Top Attractions in Elgin, Morayshire
Elgin Museum is Scotland’s oldest independent museum.
The collections are housed in a Grade A listed building at the east end of the High Street - objects displayed from all around the world, but especially from Moray, dating from before the dinosaurs to the present day.
Opening details: Mon-Fri 10am-5pm, Sat 11am-4pm
Admission details: Free admission for 2014 (thanks to local sponsorship)
For more information visit www.elginmuseum.org.uk
The Moray Motor Museum
Around 40 classic cars and motorbikes exhibited in good condition. Many have racing pedigree and are still used competitively. A relaxed atmosphere, no overpriced guidebooks just friendly chat from the staff.
Opening details: April – Oct – 11am – 5pm 7 days
Admission details: Adults - £5.00, Juniors - £2.50 (5 to 14 years), Family - £12.00 (2 Adults and own children), OAP’s - £4.50
For more information visit www.moraymotormuseum.org
Johnsons of Elgin Mill
You can take a free guided tour of the entire manufacturing process with one of our experienced tour guides. Watch for yourself as the cashmere is dyed, teased, carded, spun and hand finished by the latest generation of Elgin craftsmen.
Tours available 10am – 3pm Mon-Thurs and 10am – 12pm Fri
For more information visit www.johnstonscashmere.com
Malt Whisky Trail
Seven working distilleries – including Benromach, Dallas Dhu, Glen Moray, Strathisla, Glen Grant, Speyside Cooperage, also Glenlivet, Cardhu, Glenfiddich
For more information visit www.maltwhiskytrail.com
Glen Moray Distillery
Glen Moray Distillery nestles on the banks of the River Lossie in the city of Elgin, the capital of Speyside, a region synonymous with malt whisky. Glen Moray Single Malt Whisky has been distilled here since 1897 by a small dedicated team of craftsmen. In over a century of distilling at Glen Moray, much has changed; however the ingredients, processes and skills of those responsible for producing Glen Moray remain constant.
Opening details: All year – Mon-Fri 9am-5pm. May to Oct – also Sat 10am-4.30pm
Admission details: Regular tour £3 pp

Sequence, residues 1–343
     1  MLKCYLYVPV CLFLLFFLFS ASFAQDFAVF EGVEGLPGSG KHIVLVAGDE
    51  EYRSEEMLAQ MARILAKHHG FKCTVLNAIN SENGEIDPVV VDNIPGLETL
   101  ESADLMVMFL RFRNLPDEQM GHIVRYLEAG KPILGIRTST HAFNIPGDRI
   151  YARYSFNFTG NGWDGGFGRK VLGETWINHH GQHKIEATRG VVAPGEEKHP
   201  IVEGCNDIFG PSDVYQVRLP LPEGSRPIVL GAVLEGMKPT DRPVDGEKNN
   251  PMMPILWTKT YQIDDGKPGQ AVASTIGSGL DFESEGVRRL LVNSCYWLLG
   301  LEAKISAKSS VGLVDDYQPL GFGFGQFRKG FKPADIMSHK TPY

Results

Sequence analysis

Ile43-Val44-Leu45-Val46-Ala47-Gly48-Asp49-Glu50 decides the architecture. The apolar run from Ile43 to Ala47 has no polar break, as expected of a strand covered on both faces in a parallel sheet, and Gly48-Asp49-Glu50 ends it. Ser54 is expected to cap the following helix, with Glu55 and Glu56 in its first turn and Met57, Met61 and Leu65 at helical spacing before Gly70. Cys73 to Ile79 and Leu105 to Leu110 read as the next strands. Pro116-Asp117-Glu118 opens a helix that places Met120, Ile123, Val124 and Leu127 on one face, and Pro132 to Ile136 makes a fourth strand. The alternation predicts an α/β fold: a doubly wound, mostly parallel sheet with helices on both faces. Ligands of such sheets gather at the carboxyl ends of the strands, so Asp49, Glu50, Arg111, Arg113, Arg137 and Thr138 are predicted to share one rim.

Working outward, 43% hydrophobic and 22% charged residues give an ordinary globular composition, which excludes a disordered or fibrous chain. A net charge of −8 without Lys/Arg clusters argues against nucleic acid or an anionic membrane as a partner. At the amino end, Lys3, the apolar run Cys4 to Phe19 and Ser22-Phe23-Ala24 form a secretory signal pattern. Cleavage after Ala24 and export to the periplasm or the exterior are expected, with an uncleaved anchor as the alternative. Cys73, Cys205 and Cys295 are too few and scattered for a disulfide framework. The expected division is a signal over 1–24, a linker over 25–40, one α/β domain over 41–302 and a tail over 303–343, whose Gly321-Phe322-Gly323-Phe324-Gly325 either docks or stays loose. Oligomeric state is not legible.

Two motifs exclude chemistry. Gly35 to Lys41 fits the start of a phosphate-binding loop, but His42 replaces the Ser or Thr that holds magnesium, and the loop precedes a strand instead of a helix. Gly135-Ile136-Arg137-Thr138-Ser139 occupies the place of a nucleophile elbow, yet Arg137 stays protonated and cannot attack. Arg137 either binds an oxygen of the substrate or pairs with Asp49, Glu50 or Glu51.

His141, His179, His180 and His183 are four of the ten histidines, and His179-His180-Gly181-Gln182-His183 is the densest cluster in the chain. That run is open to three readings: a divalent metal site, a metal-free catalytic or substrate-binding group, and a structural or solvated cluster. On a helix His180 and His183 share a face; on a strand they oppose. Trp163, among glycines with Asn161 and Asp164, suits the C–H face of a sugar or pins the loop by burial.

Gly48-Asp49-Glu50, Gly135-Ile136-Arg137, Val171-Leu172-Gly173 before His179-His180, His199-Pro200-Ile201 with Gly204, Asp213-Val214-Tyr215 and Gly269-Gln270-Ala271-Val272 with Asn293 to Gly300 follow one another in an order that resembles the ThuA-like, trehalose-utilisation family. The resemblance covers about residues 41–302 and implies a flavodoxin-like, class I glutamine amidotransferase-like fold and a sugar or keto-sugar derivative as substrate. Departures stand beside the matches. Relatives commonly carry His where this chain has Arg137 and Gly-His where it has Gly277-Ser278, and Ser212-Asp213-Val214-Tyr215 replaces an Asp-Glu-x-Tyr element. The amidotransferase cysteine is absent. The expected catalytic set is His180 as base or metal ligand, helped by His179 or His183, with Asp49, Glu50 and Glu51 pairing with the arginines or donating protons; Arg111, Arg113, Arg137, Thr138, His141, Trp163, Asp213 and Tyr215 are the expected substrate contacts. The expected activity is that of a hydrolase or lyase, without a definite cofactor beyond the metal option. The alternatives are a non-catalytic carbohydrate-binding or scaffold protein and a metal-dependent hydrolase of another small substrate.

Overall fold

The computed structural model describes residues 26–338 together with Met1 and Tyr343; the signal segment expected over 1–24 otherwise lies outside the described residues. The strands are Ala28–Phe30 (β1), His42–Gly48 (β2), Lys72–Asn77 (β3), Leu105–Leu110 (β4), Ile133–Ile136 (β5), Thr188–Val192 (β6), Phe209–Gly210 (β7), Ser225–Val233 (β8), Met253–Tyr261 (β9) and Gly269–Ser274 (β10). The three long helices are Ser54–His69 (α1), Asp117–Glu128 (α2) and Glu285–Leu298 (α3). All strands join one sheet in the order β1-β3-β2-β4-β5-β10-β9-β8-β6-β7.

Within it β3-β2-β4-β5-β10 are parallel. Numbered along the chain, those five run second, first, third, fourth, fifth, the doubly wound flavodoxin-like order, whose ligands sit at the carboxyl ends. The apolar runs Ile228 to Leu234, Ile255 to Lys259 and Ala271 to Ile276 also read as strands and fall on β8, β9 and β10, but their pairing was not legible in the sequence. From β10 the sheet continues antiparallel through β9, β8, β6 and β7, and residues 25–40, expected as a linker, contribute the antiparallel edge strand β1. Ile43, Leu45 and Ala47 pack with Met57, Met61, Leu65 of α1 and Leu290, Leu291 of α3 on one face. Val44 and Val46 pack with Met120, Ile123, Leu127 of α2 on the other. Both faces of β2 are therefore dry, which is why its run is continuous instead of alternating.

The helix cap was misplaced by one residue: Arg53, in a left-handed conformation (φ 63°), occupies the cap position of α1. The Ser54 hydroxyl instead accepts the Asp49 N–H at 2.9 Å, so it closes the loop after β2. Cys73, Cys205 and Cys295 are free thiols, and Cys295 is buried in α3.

For more information visit www.glenmoray.com
Elgin Cathedral is one of Scotland’s most beautiful medieval buildings, and the inspiration for many an artist. The imposing yellow sandstone ruin is also one of the most important architectural legacies from that bygone age. The cathedral was the ecclesiastical centre, the spiritual heart, of the diocese of Moray. The bishop’s cathedra, or seat, was not always at Elgin – it had previously been at nearby Kinneddar, Birnie and Spynie – but once it was transferred to Elgin around 1224, it remained there until the Protestant Reformation of 1560 effectively left the cathedral redundant
Opening details: April to Sep – Mon – Sun 9.30-5.30pm, Oct to Mar – Mon/Tues/Wed/Sat/Sun 9.30-4.30pm
Admission details: Adult £5.50, Child £3.30, Concession £4.40, Joint ticket with Spynie Palace – Adult £7.20; Child £4.40; Concession £5.80
For more information visit
Spynie Palace was for five centuries the residence of the bishops of Moray. During that time, the palace stood on the edge of Spynie Loch, a sea-loch giving safe anchorage for fishing boats and merchant vessels. A thriving settlement developed about it. Today, nothing remains of either the sea-loch or the medieval town. However, the gaunt ruin of Spynie Palace does survive remarkably intact. Together with St Andrews Castle in Fife, Spynie remains the largest surviving medieval bishop’s house in Scotland.
Opening details: April to Sep – Mon-Sun 9.30-5.30
Admission details: Adult £7.20, Child £2.70, Concession £3.60
Joint ticket with Elgin Cathedral – Adult £7.20, Child £4.40, Concession £5.80
For more information visit: http://www.historicscotland.gov.uk/propertyresults/propertyoverview.htm?PropID=PL_247